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State v. Minor

Court of Criminal Appeals of Tennessee, Jackson

February 16, 2017


          Assigned on Briefs November 1, 2016

         Appeal from the Circuit Court for Madison County No. 15-167 Roy B. Morgan, Jr., Judge.

         In a bifurcated trial, a Madison County jury convicted the defendant, Christopher Minor, of two counts of first degree murder, two counts of aggravated burglary, one count of aggravated assault, one count of convicted felon in possession of a firearm, one count of employing a firearm during the commission of a dangerous felony, one count of employing a firearm during the commission of a dangerous felony having been previously been convicted of a felony, and six counts of violating Tennessee Code Annotated section 40-35-121, the criminal gang offenses enhancement statute. The trial court imposed an effective sentence of life plus twenty years. The defendant appeals his conviction, challenging the sufficiency of the evidence and the constitutionality of Tennessee Code Annotated section 40-35-121. The State argues the evidence was sufficient to support the defendant's convictions, and the defendant waived his constitutional challenge by raising his argument for the first time on appeal. We agree with the State and affirm the judgments of the trial court.

         Tenn. R. App. P. 3 Appeal as of Right; Judgments of the Circuit Court Affirmed

          Lee R. Sparks, Jackson, Tennessee, for the appellant, Christopher Minor.

          Herbert H. Slatery III, Attorney General and Reporter; Jeffrey D. Zentner, Assistant Attorney General; James G. Woodall, District Attorney General; and Aaron J. Chaplin, Assistant District Attorney General, for the appellee, State of Tennessee.

          J. Ross dyer, J., delivered the opinion of the court, in which John Everett Williams, J., joined. Camille R. McMullen, J., filed a separate opinion concurring in part and dissenting in part.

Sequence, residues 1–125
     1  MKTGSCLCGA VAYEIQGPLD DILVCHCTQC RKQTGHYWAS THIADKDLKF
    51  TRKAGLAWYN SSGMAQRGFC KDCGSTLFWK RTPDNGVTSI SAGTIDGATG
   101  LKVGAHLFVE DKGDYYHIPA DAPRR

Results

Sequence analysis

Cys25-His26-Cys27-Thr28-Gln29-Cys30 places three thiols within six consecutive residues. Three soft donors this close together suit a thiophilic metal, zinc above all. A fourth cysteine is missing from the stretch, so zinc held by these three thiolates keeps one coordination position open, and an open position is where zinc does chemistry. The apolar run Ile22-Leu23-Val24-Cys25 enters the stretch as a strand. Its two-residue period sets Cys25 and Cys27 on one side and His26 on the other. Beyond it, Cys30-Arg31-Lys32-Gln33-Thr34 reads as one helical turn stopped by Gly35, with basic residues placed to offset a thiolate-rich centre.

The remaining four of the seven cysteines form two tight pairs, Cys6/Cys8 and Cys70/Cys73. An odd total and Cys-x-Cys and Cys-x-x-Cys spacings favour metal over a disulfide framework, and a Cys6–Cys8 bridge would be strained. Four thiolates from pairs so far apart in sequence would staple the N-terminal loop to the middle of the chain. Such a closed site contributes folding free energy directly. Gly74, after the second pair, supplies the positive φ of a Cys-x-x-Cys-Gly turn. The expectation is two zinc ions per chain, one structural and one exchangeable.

J. ROSS DYER, JUDGE.

         Factual and Procedural Background

         This appeal arises as a result of the murder and aggravated burglary of deceased victim Rico Swift, and the aggravated robbery and aggravated assault of female victim Julie Frye. The jury trial began on September 22, 2015. At trial, the parties presented the facts summarized below.

         The afternoon of June 8, 2014, Terron Kinnie called the defendant and asked that the defendant and Freddie Booth meet at his house around 4:00 p.m. Mr. Booth and the defendant complied. All were members of a street gang known as the Black P-Stone[1]Nation. Mr. Kinnie had the rank of "general" and oversaw the gang. The defendant was a low-ranking member of the organization known as a "foot soldier."

         When the defendant and Mr. Booth arrived at Mr. Kinnie's home, Rayshawn Norman, Kijuan Murphy, Terry Thompson, and Mr. Kinnie were present. Mr. Norman was also a member of the Black P-Stone Nation, but Mr. Murphy and Mr. Thompson were members of the Vice Lords, a related street gang. According to the defendant's trial testimony, Mr. Kinnie announced that Mr. Norman needed to prove himself to the gang by robbing the deceased victim. Mr. Kinnie chose the deceased victim because he had animosity towards him and considered him weak. The deceased victim also sold marijuana, and Mr. Kinnie knew he kept a large sum of cash in his apartment.

         The defendant testified that the men developed a plan. Later in the evening, they would go to the deceased victim's apartment. The defendant and Mr. Booth would enter first under the guise of purchasing marijuana. While making their purchase, they would surveil the apartment and determine whether anyone else was present. The remaining men would then enter the apartment and rob the deceased victim.

         Around 9:00 p.m., the men parked in the nearby driveway of a friend. The defendant drove Mr. Booth, Mr. Kinnie, and Mr. Norman in his girlfriend's white Chevrolet Malibu. A man known as "Big Ghost" drove Mr. Thompson and Mr. Murphy. The defendant and Mr. Booth then walked to the deceased victim's apartment.

         While the parties presented similar evidence at trial as to the subsequent events, the accounts of the female victim and the defendant differ as to who beat and injured the victims. The female victim testified that she and the deceased victim were in the apartment watching basketball on television when they heard a knock on the door. The deceased victim looked out the window, gave a funny look, and opened the door. He then let Mr. Booth and the defendant into the apartment and locked the door behind them.